“You could do it. You don’t have to do it to be true to yourself.”

These were the words of the Abbot, to me.  This was vocational discernment on the back patio.  The question was: “Do you think I’m called to be a monk as a lifetime vocation?” But I didn’t ask it. He asked it to himself, hypothetically, as if I was asking it, before we talked, in case I really asked it when we did talk. But before I asked it (and I can’t remember if I was going to ask it or not),  he shared his answer with me:

“You could do it. You don’t have to do it to be true to yourself.”

So really,  I never asked it. So where did that leave me?  I don’t know, but there was a choice of some sorts.   The age-old quandary of free will came to mind. 

Would I live life in the cloister or in the world?  In Zion or Babylon?  In renunciation or in passion?   However, you frame it – I always return to that dichotomy.  Solitude in religious life OR relationship in secular life?  Or, is it something about virtue and vice, restraint and lust?  Probably not. For me, it became a question of freedom and conformity.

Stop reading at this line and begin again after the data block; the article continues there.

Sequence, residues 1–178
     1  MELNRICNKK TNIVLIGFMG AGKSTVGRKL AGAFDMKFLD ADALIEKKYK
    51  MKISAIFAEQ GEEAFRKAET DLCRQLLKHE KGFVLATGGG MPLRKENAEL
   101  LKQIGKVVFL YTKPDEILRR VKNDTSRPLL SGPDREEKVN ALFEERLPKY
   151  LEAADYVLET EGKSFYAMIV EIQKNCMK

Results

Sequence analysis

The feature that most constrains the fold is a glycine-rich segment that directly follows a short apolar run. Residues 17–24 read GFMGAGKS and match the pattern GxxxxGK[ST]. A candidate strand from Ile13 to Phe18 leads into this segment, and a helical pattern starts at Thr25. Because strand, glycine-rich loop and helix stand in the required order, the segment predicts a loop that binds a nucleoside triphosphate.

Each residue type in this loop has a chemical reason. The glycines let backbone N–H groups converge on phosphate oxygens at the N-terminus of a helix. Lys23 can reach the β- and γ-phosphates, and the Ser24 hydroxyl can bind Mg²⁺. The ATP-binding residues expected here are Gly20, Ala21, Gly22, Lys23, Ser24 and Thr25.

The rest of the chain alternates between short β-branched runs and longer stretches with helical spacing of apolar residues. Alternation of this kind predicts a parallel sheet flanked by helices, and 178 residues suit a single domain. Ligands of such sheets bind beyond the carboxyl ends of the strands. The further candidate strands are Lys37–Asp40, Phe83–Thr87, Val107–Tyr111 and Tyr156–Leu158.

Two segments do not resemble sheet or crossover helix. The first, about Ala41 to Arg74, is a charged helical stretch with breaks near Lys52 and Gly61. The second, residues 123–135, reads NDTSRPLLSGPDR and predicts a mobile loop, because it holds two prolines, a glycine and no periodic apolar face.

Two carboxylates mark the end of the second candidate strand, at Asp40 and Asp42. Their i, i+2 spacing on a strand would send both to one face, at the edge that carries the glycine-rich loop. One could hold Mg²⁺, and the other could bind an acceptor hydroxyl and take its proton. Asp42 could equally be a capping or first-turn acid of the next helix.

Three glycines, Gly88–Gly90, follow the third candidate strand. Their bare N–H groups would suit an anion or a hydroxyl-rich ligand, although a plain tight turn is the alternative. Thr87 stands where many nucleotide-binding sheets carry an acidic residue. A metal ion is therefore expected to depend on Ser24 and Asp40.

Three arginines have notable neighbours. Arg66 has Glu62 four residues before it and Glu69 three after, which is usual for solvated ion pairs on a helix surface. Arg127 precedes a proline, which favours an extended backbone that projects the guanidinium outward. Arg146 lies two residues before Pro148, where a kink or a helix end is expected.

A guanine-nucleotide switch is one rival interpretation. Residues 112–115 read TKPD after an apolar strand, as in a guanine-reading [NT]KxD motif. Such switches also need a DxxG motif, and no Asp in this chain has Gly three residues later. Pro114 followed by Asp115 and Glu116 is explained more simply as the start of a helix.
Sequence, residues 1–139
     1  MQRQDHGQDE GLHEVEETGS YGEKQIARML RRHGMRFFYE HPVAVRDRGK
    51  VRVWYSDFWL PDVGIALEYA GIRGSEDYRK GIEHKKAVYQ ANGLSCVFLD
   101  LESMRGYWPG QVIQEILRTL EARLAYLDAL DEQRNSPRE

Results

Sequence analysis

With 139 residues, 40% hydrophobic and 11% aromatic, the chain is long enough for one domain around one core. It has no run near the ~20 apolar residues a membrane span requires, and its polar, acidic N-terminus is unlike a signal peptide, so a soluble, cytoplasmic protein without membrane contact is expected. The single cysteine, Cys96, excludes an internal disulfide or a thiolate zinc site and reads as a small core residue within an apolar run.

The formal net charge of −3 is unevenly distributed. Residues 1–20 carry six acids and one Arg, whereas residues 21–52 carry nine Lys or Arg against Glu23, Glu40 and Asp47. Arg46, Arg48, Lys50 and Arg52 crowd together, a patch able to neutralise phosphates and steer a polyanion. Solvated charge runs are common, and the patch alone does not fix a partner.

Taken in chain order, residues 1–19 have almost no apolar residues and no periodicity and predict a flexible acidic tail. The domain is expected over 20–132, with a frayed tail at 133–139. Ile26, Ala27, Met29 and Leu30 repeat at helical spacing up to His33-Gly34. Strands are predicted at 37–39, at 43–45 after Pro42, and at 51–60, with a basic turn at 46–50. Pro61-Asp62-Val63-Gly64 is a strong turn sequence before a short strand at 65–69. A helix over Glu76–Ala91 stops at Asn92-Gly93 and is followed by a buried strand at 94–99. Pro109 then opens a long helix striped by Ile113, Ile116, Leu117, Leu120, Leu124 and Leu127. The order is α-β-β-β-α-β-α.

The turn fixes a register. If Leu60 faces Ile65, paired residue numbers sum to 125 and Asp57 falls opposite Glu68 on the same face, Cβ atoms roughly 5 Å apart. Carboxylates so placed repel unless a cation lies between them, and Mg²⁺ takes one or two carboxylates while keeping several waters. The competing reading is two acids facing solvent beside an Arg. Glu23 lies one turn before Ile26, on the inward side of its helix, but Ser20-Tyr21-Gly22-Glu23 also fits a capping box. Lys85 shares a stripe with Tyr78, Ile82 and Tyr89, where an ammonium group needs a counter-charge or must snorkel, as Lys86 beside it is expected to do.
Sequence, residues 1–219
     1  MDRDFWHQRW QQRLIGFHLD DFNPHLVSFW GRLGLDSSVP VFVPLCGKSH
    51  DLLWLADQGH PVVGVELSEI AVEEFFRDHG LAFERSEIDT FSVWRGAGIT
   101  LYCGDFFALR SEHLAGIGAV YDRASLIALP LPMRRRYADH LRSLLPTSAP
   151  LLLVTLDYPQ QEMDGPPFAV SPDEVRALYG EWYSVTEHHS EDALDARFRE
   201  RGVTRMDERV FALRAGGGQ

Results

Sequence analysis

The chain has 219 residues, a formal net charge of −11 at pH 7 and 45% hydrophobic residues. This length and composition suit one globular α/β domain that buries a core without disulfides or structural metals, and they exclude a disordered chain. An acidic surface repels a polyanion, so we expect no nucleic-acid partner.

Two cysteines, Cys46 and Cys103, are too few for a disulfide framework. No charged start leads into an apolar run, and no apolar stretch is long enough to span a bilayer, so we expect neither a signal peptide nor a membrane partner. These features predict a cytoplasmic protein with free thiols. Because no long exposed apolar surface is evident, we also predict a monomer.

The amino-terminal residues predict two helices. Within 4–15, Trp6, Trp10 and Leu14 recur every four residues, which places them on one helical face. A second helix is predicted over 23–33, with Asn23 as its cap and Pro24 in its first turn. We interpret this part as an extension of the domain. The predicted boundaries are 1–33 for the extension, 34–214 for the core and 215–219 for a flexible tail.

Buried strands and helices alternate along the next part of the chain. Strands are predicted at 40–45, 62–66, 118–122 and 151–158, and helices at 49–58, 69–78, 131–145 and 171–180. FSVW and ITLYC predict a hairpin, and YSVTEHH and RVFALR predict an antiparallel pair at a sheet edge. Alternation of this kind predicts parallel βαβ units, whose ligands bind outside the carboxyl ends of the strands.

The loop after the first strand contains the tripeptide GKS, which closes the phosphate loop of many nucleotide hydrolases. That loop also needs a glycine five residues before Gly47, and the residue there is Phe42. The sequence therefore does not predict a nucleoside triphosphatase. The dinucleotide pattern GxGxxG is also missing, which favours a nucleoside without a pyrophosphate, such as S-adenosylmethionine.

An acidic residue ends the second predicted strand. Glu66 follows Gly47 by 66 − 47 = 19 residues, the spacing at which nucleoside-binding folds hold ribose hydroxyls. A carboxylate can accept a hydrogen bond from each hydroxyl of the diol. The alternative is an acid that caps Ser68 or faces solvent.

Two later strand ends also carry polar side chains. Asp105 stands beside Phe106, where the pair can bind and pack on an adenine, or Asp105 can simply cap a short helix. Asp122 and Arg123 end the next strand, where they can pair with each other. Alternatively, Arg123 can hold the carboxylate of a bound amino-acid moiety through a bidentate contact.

I put it like this:

“The monastery feels like a safe, comfortable, prison.”

The Abbot flipped all three words to their other pole:

“Or, it can be an acid-bath, desert, freedom.”

I would feel un-free in the monastery, always wondering what life would have been like in the world.  Too much would be left unlived, not done, not tasted, or not something.  Something essential at least, would linger forever incomplete were I to choose life in the cloister. 

Why did I choose not to be a monk? 

To embody the thoughts I had in the monastery.

For more on navigating mystical process with Christian contemplative practices, see my course:  The Devotional Practice of Jesus Prayer: An Integral And Unitive Model

Share this: